You probably shouldn’t read this.

But you did anyway. Isn’t it weird how negative association, warnings, and diversions pique interest?

Don’t worry, there’s nothing that you shouldn’t see here. All will become clear by the end of the article (if not sooner) and you’ll understand why I started all of this off so weirdly.

See, I saw a post on LinkedIn recently that simply read something along the lines of:

‘Sorry to everyone about that. You weren’t supposed to see it.’.

The post BOOMED, with well over a thousand comments constantly being pushed up by new comments and the amount of likes to match. I couldn’t help but see this post every time I logged in for days. Mutual connections were liking it, some saying how clever it was, some asking about her original post (which was non-existent in the first place).

But that’s just one person who was trying to build their network. They got their name out, sure, but missed out anything about their job or purpose. What’s the point in all this?

‘Don’t Push That!’

First of all, it’s probably better to try and explain why this works so well.

Think about practically any cartoon. Whether it’s Ren and Stimpy (a personal favourite), Family Guy, or virtually any other, there’s almost always a joke where someone does something they’re explicitly told NOT to do. Whether it be an act of defiance, curiosity or sheer stupidity, someone will inevitably push the button.

Don't push it Stimpy!

The unknown takes our curiosity by force. If someone knows something we don’t, and states it clearly, we have a compulsion to know. Sometimes it’s a feeling that it was something important. Sometimes it’s that we don’t want to miss out on potential ‘gossip’, or insider information that shouldn’t have been leaked. Maybe it’s that we don’t want to be missing out and want to be part of the group who know. Maybe we want to be part of the select few as opposed to the group who DON’T know.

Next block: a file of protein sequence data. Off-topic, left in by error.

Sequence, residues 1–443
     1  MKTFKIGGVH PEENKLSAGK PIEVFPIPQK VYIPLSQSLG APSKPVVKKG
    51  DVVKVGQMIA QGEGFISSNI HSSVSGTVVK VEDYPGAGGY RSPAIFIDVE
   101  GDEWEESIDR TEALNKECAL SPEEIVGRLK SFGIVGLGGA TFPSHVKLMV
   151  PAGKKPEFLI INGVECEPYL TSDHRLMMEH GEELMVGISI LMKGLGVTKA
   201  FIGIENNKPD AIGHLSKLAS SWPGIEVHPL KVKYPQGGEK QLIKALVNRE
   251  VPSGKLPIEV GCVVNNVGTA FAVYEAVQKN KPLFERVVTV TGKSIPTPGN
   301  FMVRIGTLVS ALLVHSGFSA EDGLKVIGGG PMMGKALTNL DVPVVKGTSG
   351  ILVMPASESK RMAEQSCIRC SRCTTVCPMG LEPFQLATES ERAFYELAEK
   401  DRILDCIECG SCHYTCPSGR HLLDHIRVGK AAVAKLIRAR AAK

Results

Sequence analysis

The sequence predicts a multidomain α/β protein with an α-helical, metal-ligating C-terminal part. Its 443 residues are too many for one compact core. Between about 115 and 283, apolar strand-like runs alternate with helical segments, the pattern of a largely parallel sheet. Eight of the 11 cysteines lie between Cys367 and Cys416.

Either way, if someone feels like there’s something to know, and it could be something they might be interested in, they are inclined to want to know more.

So how do I apply this fantastic, ingenious marketing knowledge?

A fine question, a fine one indeed. You’re keen!

There’s examples everywhere online of this kind of marketing; just check high profile social media pages. Celebrities do it, artists and filmmakers do it, companies do it. LinkedIn users do it by making use of formatting and rhetorical questions to hide interesting information behind the ‘see more…’ button.

Whether there’s an event coming up, or new blogs, material or projects, you might see a hint or ‘coming soon’ image. Film companies do this with major releases far ahead of schedule with teaser posters or trailers. Social media pages might ask you a rhetorical question, to make you think. The longer you spend thinking about a pages post, the more time you dedicate to that page and brand (even if the post was essentially irrelevant).

Cloverfield's marketing campaign was new, unique and original.
J.J. Abrams’ box office smash Cloverfield had a minimalistic, viral marketing campaign. It was highly effective in building interest through speculation without any major information being given.

By all means, be upfront about your business, ethos, and services by straight-shooting: never be secretive about things that need to be apparent. But to grab attention with your marketing and engage your audience and customer base, try something unorthodox.

Why not ask a question that might be relevant while not directly about your company? I did this recently with a Facebook post asking what everyone’s dream job was when they were kids. It turned out to be one of the more successful posts on our page this month! The subject matter was flippant, it did nothing to spread knowledge of our services. But it caught people’s attention, it was a bit of fun, and it engaged our candidates – once they’re looking at our post, they can look at our page and learn about our services themselves.

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